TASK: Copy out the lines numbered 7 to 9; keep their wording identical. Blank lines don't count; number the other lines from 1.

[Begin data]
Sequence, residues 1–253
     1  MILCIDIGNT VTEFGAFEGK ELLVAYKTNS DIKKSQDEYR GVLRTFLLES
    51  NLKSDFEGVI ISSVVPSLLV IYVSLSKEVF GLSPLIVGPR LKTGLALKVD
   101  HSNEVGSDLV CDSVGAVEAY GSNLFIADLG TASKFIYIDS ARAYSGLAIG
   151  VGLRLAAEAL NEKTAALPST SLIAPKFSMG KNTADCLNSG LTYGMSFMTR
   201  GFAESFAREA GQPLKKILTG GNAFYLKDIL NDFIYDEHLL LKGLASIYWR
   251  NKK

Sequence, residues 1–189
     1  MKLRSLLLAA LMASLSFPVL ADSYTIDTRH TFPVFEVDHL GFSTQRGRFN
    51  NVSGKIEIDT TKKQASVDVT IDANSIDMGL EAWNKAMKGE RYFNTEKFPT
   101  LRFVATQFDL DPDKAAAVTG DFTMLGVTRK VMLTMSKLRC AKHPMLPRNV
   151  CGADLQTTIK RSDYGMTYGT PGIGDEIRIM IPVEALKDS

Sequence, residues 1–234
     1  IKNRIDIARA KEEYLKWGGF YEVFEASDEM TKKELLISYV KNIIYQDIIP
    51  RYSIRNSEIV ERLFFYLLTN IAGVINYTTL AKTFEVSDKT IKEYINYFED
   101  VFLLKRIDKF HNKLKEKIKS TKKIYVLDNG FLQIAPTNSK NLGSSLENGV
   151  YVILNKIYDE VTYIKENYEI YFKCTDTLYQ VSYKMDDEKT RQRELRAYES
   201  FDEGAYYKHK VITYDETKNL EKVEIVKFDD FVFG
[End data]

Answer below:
   251  NKK

Sequence, residues 1–189
     1  MKLRSLLLAA LMASLSFPVL ADSYTIDTRH TFPVFEVDHL GFSTQRGRFN